• Eliminate any criminal history barriers (with an exception for financial crimes or fraud) to employment and ownership 
  • Limit license fees to $1,000 for any operational license needed to begin operations
  • The draft version of CAOA wisely includes a 50% reduced tax rate on the first $20M of revenue. To better help small businesses, either lower the rate to 25% of the full tax rate for the first $20M, or, include an additional tier for a further 50% reduction for the first $10M of sales. Lower tax rates for small businesses will be essential for the success of “micro” and “craft cultivator” licenses that are emerging in state cannabis programs. 
  • Prohibit requiring real estate or excess capital as a licensing requirement. 
  • Prevent large multi-state operators and traditional Big Tobacco, Big Alcohol, and Big Retail from having outsized control of the cannabis market by limiting participation from these entities. This may be accomplished through a number of potential avenues, such as limiting the total cultivation canopy any corporation (or its subsidiaries) may own or control, exploring the use of existing federal antitrust laws and regulations, preventing tobacco and alcohol retailers from selling cannabis, and other novel approaches. 
    • Failure to proactively limit large corporations from dominating the market will result in these entities overtaking large segments of the cannabis economy and will destroy many of the economic opportunities that are being created for social equity entrepreneurs and other small business owners seeking to enter and thrive in this market.
    • One approach Congress should consider is authorizing states to limit interstate commerce such that small and medium-sized cultivators and producers can access every legal state cannabis market while at the same time preventing large corporations from dominating the market. We encourage the sponsoring offices to reach out to the Parabola Center for a pathway on how to do this effectively and legally.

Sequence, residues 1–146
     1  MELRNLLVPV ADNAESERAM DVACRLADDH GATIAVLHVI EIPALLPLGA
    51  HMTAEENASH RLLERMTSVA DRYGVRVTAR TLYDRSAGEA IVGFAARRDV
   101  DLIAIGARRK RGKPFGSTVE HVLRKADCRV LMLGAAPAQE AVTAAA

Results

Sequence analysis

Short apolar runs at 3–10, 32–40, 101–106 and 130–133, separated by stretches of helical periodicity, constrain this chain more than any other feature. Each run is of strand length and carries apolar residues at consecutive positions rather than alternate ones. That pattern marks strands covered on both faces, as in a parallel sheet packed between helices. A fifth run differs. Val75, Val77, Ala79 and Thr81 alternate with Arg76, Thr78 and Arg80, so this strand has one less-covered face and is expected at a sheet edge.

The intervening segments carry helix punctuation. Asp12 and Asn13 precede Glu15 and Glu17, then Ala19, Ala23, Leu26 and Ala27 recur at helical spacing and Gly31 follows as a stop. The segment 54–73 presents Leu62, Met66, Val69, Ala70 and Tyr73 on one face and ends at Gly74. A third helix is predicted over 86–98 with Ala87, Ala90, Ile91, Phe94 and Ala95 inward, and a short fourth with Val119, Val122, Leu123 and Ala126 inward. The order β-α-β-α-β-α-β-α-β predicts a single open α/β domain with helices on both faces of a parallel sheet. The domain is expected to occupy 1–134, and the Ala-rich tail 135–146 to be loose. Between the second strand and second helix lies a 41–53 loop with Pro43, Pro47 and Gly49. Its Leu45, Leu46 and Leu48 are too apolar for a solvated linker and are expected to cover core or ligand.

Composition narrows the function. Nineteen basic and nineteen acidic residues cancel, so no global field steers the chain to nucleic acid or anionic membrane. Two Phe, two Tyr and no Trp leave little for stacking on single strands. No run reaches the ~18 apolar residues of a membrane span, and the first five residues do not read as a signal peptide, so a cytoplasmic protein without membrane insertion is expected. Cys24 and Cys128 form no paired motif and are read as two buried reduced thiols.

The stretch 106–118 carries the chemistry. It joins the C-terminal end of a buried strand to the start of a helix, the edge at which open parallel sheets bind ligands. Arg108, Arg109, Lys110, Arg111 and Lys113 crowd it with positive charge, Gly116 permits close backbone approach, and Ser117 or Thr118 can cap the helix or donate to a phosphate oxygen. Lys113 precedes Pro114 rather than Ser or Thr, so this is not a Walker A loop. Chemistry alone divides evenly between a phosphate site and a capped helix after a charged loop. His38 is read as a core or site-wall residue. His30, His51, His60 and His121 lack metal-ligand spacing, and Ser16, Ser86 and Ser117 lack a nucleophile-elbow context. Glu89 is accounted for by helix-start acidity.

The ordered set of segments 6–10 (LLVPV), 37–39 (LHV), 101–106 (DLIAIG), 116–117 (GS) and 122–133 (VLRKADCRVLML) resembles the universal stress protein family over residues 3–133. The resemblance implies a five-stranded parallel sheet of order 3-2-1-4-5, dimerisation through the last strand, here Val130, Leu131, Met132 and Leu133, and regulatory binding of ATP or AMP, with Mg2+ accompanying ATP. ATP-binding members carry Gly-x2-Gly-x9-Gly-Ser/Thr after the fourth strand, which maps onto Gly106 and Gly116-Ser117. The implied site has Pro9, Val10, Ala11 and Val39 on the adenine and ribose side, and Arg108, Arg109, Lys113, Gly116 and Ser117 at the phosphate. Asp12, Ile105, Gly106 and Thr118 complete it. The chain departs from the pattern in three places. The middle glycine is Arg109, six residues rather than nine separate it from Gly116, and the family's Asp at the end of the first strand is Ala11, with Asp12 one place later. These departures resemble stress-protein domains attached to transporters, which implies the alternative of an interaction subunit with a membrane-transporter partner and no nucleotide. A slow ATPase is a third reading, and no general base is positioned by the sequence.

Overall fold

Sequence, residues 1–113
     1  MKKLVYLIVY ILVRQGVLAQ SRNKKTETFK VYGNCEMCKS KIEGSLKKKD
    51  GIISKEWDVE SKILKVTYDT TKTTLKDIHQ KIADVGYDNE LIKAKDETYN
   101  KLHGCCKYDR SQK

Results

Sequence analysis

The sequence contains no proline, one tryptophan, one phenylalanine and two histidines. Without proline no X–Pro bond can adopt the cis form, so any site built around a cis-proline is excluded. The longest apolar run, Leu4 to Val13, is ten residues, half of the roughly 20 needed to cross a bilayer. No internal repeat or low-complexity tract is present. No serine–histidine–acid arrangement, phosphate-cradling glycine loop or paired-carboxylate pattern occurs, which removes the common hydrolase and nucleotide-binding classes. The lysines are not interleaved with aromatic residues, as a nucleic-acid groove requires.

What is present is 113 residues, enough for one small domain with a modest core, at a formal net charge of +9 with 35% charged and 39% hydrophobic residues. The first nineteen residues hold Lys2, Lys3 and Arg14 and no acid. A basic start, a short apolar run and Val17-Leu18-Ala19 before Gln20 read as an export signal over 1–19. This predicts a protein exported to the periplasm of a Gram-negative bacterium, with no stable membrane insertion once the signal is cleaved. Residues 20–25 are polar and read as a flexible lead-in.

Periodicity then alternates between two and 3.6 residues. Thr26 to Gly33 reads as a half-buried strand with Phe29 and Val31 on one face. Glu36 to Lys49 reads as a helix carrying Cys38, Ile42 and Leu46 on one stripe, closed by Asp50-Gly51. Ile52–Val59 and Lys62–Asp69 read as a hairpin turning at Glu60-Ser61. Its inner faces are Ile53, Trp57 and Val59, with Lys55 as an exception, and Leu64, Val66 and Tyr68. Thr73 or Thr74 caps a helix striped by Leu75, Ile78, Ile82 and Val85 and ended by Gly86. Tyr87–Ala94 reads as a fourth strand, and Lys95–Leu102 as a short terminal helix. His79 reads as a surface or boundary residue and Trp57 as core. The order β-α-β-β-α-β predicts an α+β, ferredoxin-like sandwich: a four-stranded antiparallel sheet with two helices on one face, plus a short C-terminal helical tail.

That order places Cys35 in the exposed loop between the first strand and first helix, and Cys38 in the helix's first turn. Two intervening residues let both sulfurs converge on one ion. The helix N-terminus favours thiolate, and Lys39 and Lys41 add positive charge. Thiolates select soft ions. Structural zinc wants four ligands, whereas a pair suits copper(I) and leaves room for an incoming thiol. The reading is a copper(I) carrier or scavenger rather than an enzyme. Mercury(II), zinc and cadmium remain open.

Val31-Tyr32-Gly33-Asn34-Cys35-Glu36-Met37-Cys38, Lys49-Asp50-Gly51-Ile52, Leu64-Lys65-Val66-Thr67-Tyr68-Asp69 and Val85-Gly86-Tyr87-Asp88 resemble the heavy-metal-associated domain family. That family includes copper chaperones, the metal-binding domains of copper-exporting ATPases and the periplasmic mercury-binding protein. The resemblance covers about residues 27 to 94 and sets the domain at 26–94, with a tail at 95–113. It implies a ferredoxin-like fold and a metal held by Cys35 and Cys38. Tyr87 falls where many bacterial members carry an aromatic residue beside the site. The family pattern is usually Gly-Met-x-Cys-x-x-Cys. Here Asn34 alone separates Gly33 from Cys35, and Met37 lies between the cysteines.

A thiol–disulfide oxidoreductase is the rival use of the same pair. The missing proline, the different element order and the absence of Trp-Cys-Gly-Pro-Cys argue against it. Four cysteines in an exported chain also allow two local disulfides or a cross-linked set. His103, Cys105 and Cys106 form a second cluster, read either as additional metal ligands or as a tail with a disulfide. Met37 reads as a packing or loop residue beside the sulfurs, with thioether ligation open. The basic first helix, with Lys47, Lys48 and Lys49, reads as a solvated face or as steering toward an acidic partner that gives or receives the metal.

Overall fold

• Notably, the 95%-100% rate of ID-check and underage sale refusal at regulated cannabis retailers is superior to both alcohol (~65%) and tobacco (~90%). This means requiring cannabis to be sold in dedicated stores could have the dual benefit of preventing underage access while also preventing Big Retail from destroying economic opportunities for social equity entrepreneurs and other small retail operations.

On Environmental and Labor Considerations

Any federal oversight of the industry should include input from the Environmental Protection Agency to ensure that cannabis production and distribution is done so in an environmentally responsible manner. Congress should provide tax incentives and grants for cannabis businesses (particularly small businesses) to reduce or offset carbon emissions and other potentially adverse environmental considerations. 

While outdoor cultivation is the least energy intensive way to produce cannabis, outdoor agriculture working conditions tend to be harsher and with fewer benefits than similar positions in greenhouse facilities. Good environmental policy must not come at the expense of subjecting workers to more exploitative conditions. Therefore, worker protections are an essential part of the dialog around environmentally appropriate cannabis production. We urge the sponsoring senators to coordinate with labor organizations, such as United Food and Commercial Workers, to ensure the balance is met.